Featuring Jeff Flake (R-AZ), United States Senator; Dave Brat (R-VA-7), United States Congressman; Michael F. Cannon, Director of Health Policy Studies, Cato Institute; John C. Goodman, President, Goodman Institute for Public Policy Research; moderated by Peter Russo, Director of Congressional Affairs, Cato Institute.
In Lukewarming: The New Climate Science that Changes Everything, Pat Michaels and Chip Knappenberger explain the real science and spin behind the headlines and come to a provocative conclusion: global warming is not hot—it’s lukewarm. Climate change is real, it is partially man-made, but it is clearer than ever that its impact has been exaggerated—with many predictions now being rendered implausible or impossible. This new paperback edition of the book is an expanded edition of last year’s ebook-only edition of Lukewarming, and includes updates in science and policy following the accords reached at the 2015 United Nations Climate Change Conference in Paris.
The Cato Institute has released its 2015 Annual Report, which documents a dynamic year of growth and productivity. The thousands of individuals who contribute to Cato are passionate about freedom and committed to ensuring that future generations enjoy the blessings of liberty, unencumbered by an overreaching state that seeks to control their lives. This is Cato’s optimistic vision for the future, and it would be unimaginable without the Institute’s longstanding partnership with its Sponsors. We will continue our diligence and dedication to seeing this vision realized.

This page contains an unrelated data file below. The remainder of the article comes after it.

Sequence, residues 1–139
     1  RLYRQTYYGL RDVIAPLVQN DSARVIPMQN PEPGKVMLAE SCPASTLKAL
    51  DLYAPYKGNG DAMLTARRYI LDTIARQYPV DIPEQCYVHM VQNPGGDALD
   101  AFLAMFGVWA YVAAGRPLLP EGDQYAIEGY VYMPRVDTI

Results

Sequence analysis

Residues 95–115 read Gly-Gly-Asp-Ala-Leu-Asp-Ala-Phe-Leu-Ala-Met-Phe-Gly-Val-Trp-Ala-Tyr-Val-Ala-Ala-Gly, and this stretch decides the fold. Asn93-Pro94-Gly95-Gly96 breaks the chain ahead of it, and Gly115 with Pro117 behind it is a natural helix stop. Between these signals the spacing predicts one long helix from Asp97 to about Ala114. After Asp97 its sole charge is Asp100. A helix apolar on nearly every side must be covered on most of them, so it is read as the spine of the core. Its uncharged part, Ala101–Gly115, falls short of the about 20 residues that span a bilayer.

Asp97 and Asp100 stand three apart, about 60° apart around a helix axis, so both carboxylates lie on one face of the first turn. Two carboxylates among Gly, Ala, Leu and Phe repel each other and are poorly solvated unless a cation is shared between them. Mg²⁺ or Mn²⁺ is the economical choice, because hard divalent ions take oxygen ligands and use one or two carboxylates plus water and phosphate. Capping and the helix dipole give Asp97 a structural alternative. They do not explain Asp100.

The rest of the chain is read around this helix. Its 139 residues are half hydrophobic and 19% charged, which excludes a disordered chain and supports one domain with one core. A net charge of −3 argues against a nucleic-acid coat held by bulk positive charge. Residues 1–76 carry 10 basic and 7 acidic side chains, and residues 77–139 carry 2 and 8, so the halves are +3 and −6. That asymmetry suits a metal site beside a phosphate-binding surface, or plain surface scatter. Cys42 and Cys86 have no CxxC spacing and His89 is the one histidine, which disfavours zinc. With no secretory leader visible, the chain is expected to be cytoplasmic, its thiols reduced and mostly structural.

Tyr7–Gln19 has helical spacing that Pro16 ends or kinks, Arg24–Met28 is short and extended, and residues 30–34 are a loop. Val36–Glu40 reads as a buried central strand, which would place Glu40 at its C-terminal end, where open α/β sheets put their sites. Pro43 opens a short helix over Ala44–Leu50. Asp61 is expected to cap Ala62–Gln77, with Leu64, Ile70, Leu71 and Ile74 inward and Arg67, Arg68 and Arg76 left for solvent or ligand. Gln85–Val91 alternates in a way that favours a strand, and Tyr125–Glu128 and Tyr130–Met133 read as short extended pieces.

Internet Cents and Nonsense: Lessons from the Dot-Com Collapse and the Copyright Wars
Featuring Stan Liebowitz, Author, Rethinking the Network Economy: The True Forces that Drive the Digital Marketplace (Amacom, 2002); with comments by John Lott, American Enterprise Institute; and Tom Lenard, Progress and Freedom Foundation.
“The new economy changes everything.” All of us heard it; many believed it. The Internet did lower the cost of communication and offered new ways of doing business. But, contrary to many claims, the Internet didn’t change fundamental truths about economics, such as scarcity, supply and demand, or the relative unimportance of being first to market. Join economist Stan Liebowitz for a new interpretation of the real meaning of the Internet economy: its implications for understanding the dot-com crash; the truth about the so-called “first-mover advantage”; options for protecting digital works such as music and movies when reproduction is free; and, on the antitrust front, whether we need to fret over “network externalities” and lock-in of substandard technologies.